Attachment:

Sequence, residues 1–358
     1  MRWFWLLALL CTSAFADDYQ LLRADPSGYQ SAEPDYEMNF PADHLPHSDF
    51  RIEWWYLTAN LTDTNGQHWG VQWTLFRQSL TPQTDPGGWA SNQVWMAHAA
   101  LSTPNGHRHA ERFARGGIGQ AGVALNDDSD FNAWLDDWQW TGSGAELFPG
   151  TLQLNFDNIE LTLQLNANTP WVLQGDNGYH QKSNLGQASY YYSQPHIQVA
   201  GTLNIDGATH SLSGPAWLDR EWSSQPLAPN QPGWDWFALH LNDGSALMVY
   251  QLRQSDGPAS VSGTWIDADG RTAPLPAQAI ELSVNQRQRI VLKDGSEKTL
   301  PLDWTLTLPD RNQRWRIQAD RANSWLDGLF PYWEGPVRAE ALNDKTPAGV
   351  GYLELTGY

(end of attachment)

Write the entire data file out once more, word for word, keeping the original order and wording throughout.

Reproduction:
Sequence, residues 1–358
     1  MRWFWLLALL CTSAFADDYQ LLRADPSGYQ SAEPDYEMNF PADHLPHSDF
    51  RIEWWYLTAN LTDTNGQHWG VQWTLFRQSL TPQTDPGGWA SNQVWMAHAA
   101  LSTPNGHRHA ERFARGGIGQ AGVALNDDSD FNAWLDDWQW TGSGAELFPG
   151  TLQLNFDNIE LTLQLNANTP WVLQGDNGYH QKSNLGQASY YYSQPHIQVA
   201  GTLNIDGATH SLSGPAWLDR EWSSQPLAPN QPGWDWFALH LNDGSALMVY
   251  QLRQSDGPAS VSGTWIDADG RTAPLPAQAI ELSVNQRQRI VLKDGSEKTL
   301  PLDWTLTLPD RNQRWRIQAD RANSWLDGLF PYWEGPVRAE ALNDKTPAGV
   351  GYLELTGY